Straight after breakfast I headed to the shore to spend an hour or so watching the sea over the falling tide before heading back home to write yet more reports. I had full cloud cover this morning with a 20 mph northeasterly wind.
Walking up to my observation point I had few waders on the beach including five Turnstones, 157 Oystercatchers, eight Grey Plovers and 16 Sanderlings. There would have been far more waders roosting on the shingle ridge, but time was of the essence this morning so I just stayed at my observation point. I managed to find some shelter and glued my eye to my scope.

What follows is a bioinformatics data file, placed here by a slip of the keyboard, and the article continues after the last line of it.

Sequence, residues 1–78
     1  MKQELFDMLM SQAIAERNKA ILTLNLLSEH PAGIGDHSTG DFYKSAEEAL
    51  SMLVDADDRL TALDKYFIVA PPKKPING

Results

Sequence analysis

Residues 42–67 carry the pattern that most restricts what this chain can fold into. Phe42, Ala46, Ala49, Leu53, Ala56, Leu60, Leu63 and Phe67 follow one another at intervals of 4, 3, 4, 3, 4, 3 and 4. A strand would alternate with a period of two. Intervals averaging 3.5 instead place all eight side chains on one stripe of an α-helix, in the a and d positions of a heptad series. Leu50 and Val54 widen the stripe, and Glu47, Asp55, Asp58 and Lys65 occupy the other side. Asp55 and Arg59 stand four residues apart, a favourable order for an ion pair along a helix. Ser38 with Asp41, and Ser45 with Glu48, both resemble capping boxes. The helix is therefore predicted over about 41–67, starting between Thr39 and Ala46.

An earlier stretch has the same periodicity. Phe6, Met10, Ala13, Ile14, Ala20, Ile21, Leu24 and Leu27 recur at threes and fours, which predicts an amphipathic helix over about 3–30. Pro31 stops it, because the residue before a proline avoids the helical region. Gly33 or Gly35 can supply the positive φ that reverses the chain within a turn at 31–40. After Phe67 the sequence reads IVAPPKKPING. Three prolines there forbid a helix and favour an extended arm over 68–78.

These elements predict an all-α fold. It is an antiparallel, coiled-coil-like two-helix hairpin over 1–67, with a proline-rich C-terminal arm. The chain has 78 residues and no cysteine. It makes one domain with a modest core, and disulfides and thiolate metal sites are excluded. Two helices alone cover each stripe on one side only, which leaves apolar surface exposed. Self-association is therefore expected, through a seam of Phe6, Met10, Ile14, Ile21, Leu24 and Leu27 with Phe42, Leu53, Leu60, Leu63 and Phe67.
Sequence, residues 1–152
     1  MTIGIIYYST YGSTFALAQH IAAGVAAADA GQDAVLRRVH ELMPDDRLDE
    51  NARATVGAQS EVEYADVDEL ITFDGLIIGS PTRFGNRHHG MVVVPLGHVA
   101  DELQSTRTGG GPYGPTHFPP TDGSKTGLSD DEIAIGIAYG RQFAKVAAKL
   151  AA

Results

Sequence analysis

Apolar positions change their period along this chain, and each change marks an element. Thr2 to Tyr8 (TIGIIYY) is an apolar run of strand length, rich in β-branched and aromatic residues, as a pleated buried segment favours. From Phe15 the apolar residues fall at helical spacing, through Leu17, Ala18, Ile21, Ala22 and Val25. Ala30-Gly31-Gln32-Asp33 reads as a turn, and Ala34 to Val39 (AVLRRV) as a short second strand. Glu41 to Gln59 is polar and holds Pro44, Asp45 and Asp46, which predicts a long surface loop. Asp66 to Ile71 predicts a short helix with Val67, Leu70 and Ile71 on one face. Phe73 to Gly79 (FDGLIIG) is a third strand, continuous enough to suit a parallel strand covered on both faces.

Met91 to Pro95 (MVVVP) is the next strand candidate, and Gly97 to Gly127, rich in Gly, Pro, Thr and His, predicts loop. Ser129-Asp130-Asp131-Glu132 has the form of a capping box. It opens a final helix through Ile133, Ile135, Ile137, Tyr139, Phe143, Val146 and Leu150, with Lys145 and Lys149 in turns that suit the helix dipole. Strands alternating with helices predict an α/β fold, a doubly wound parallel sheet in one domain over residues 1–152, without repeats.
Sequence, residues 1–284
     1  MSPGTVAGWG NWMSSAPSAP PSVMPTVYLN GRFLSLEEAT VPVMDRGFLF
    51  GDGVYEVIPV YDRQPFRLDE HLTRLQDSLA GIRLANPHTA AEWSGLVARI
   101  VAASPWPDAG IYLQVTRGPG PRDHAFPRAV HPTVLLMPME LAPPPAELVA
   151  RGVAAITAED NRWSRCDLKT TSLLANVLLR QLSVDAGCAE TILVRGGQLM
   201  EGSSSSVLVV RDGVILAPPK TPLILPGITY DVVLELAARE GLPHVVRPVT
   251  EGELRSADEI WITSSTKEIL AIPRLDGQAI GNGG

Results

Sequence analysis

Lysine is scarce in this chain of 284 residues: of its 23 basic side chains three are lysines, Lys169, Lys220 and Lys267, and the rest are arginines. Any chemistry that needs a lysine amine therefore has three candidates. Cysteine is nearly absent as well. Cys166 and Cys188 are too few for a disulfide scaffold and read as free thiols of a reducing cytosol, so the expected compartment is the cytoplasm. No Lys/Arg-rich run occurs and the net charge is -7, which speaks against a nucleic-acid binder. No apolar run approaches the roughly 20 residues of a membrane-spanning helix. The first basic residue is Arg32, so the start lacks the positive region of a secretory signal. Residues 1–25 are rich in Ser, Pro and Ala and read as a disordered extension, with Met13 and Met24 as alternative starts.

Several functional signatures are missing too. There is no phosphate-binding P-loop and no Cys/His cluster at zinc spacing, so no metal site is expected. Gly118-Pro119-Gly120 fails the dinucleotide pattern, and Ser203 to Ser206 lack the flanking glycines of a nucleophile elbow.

After I had been watching for about twenty minutes I picked up a large Diver heading northeast, slightly away from me and across the bay, and I soon realised that it was a Great Northern Diver! The supporting cast included 18 Eiders, 75 Cormorants, 49 Common Scoters, five Red-breasted Mergansers, three Greylag Geese, a Razorbill, a Great Crested Grebe, a Red-throated Diver and an Atlantic Grey Seal.
Unfortunately it was soon time to head home and do some work. I am hoping to escape for an hour or so in the morning on Wednesday and I'll let you know if I do.
Monday 23rd July 2018 - 1,000 Black-headed Gull were feeding on the reserve early morning on a mass hatch of insects which helps one appreciate how many Black-heads are actually...
2 hours ago